A Growers Journal: Turning to Gnatrol to get rid of fungus gnats
If you recall, a few months ago I wrote of how Kmart sold me a bag of potting soil with fungus gnats, and soon every plant in my house and office seemed to be infested.
I detailed every single tactic I found to try to get rid of them. I tried drying out the soil, but even after all the dirt was bone dry and the leaves started to wilt, watering seemed to bring back the gnats with a vengeance. I tried sprinkling cinnamon but gnats keep showing up. I bought 100 Yellow Sticky Traps, enough to put and put 1-2 on every single plant. While they do a great job of trapping adults they don't seem to be stopping new larvae (remember that it just take one gnat to get through the perimeter alive to lay 200-300 eggs). Finally, I went to both Gardener's Supply Company and Amazon to buy nematodes; none of them seemed to work the first time around which I attributed to them being fried during shipping. But even when I requested replacements, they didn't work either. Drenching the plants with Hydrogen Peroxide didn't seem to do much either.
No more Mr. Nice Guy. It was time for me to turn to Gnatrol. (I found Gnatrol for a reasonable price online) I've admittedly been resisting this option because I've heard that Gnatrol is a "pesticide", and I wasn't keen on adding "dangerous chemicals" to my plants. After all, the point of growing these plants is for me to clear the air, and the last thing I need is for my plants and soil to be poisoning me.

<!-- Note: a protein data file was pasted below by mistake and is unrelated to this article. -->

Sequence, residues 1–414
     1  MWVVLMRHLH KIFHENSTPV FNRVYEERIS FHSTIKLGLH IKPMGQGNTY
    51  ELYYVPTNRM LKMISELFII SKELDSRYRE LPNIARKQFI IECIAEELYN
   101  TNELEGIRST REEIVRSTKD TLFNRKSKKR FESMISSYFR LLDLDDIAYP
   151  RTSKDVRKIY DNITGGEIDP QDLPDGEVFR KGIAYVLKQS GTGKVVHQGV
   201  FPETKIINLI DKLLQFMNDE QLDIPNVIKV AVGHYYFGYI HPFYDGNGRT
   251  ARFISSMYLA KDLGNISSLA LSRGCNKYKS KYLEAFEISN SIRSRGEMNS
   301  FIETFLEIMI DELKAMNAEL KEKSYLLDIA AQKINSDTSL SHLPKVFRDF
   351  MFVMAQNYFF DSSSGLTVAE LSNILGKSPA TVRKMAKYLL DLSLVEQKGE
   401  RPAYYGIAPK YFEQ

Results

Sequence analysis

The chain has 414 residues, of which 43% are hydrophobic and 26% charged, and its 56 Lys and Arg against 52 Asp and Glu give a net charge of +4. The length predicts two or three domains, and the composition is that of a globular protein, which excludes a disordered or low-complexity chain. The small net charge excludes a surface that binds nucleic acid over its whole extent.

But that's when I did my research. At first glance, Gnatrol sounds scary. It's a "larvacide" with an active ingredient called "Bacillus thuringiensis subsp. israelensis", or Bti. Did I really want to put bacteria into all my houseplants? I mean, putting live parasites (the nematodes) was freaky enough an idea to get used to. The song "I know an old lady who swallowed a fly" kept ringing through my head.
But after reading more about it, Bti is as close to a miracle fix as modern science has come up with. First of all, what they sell isn't live, viable bacteria; the toxicant that kills the larvae is actually a part of the Bti spore. It was actually discovered in 1976 in Israel from scientists who isolated the bacteria from dead mosquito larvae. It's a substance that's deadly to mosquito larvae (as well as larvae of blackflies, midges, and fungus gnats). Specifcially, Bti releases special protein crystals. When the larvae eat them, the alkaline nature of their digestive system causes these crystals to dissolve and be converted into toxic protein molecules that destroy the inside of the larvae's stomach. Long story short, they can't eat and then they go off to that giant Golden Pothos in the sky.
Here's the cool thing about it--because humans, animals, birds, and fish have acidic and not alkaline digestive tracts, the Bti toxins don't have any effect on us. In fact, Bti is used in mass quantities by cities and municipalities worldwide to control mosquito populations. Because it's a bacteria that's found naturally in soils anyway, there's less fear of using it than more dangerous chemical solutions. Another thing that's nice about Bti is that once it's released, the active ingredient will dissipate after about 72 hours, so even if it were harmful to humans, the exposure is limited.